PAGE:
4. Bring out what's best in you; love your partner more than any vice.
Ask yourself this question: Is he or she worth leaving my vices for?
But YOU are worth it.
Those vices can't exist if it weren't for you but you still can exist even without them. Do not leave them for your partner but for yourself because you are actually torn apart from yourself if your vices are tearing you apart from your partner. Bring out the best in you instead by focusing yourself in an endeavor where you and your partner have a common passion for.
5. Forget the wedding date; live the marriage Day.
Yes, you read it right. I'm really saying you don't have to celebrate your wedding anniversaries. We all know that every beginning has an end, every contract has an expiry and every typical wedding vow no matter how touching has a painful "'til death do us part". While some marriages today are done for joint properties' sake, some still get married because they really love each other and you're most probably one of the latter since you're reading this article. So celebrate your "diaversary" every morning.
If you truly and genuinely love your spouse, you'll never expect it to end in death or in divorce. If you don't want your marriage to end, don't give it a beginning. A beginning-less marriage means you have been married to your spouse even before you were wed. Your marriage Day is timeless and eternal.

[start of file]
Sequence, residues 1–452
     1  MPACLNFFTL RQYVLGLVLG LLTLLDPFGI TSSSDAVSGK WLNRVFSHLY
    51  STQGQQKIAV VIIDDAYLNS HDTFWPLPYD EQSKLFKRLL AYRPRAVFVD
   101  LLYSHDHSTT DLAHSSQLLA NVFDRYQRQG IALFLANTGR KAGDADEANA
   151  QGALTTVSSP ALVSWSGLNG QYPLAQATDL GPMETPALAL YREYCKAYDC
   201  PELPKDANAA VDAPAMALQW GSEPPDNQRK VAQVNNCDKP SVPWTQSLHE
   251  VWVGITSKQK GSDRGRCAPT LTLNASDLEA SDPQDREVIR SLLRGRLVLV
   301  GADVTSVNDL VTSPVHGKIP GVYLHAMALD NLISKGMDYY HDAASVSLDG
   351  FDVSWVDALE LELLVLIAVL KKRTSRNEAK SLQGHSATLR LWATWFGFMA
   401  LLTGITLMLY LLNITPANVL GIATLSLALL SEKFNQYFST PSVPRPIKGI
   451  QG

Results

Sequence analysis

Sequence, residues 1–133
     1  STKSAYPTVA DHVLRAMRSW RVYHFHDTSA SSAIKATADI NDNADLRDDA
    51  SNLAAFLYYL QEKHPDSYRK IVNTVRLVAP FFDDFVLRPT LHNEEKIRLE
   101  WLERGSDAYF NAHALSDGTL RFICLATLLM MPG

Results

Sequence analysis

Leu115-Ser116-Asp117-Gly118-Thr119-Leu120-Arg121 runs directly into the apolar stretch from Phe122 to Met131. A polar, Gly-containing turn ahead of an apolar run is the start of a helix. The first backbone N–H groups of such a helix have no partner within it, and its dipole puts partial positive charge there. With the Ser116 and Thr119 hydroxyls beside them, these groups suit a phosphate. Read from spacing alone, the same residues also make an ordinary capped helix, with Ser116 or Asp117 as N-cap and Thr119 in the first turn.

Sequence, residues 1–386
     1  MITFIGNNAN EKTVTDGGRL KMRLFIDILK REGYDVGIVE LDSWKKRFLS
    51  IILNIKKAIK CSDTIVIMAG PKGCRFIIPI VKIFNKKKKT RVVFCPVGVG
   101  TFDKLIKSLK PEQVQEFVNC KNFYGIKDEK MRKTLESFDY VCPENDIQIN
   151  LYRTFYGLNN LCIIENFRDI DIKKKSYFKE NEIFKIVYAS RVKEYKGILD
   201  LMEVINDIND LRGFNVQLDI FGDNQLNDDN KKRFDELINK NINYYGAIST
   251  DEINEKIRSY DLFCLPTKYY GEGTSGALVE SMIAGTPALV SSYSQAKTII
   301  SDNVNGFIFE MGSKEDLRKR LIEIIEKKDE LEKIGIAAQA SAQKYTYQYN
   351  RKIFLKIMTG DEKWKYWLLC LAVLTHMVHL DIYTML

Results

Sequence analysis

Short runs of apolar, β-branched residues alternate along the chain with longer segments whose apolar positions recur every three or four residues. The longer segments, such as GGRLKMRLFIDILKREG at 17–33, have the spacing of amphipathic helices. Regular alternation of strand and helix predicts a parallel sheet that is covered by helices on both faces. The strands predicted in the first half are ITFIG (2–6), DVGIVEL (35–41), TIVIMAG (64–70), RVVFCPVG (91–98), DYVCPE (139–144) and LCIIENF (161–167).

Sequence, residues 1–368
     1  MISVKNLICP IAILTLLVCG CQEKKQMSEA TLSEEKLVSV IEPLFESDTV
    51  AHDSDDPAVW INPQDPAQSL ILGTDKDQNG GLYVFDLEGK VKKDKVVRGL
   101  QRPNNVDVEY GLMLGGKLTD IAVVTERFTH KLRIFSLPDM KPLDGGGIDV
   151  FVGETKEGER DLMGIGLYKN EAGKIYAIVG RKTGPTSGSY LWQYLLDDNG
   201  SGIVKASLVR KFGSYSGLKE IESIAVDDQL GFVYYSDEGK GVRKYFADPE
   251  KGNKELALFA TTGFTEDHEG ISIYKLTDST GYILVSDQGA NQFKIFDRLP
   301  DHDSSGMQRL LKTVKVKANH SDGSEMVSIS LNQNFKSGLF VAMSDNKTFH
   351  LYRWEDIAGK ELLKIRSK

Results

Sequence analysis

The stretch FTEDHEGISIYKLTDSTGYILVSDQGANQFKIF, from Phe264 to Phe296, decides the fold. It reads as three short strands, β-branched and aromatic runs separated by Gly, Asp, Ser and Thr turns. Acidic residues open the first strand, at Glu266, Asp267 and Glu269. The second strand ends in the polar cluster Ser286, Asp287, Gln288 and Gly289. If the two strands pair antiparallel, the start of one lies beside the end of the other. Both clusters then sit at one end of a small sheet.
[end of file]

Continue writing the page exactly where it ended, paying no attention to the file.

You are eternally one. That is why the ex's (if there are any), mistakes and successes of your spouse were also yours. By this you are giving no room for blames, hurts and suspicions.
6. Let the love of trust consume the fear of cheating.
It has always been a misconception that jealousy is a sign of love. But in truth, jealousy is a sign of possessiveness and a fruit of fear owing to lack of genuine love. If you hold yourself responsible for your spouse because you are under the contract named "marriage" instead of your true eternal love, you would fear being cheated and would be consumed by jealousy when the occasion calls for it.
Forget snooping around your spouse for a potential cheating. If you do so, you probably would end up being the one who would cheat. Let your eternal partner know that you love him or her with absolute trust. Focus instead on meeting his or her needs than cowering in your fear.
7. Be man enough to be a woman; be woman enough to be a man.
The husband owns his wife's body as his own and the wife owns his husband's body as her own. Nobody hates his or her own flesh. That is why a man ought to take care his wife's body as a woman would, and vice versa.
So don't let yourself be affected by gender stereotypes. Be also a man for your husband or be also a woman for your wife.
So here they are. I hope you have found some enlightenment from these tips. You'll lose nothing if you give them a try but you could gain everything. You don't have to see this as a guideline or an idealistic standard but simply a spark to ignite that desire that you've always known from within you.
One final thought: What would the world be like if all married couples treat each other this way?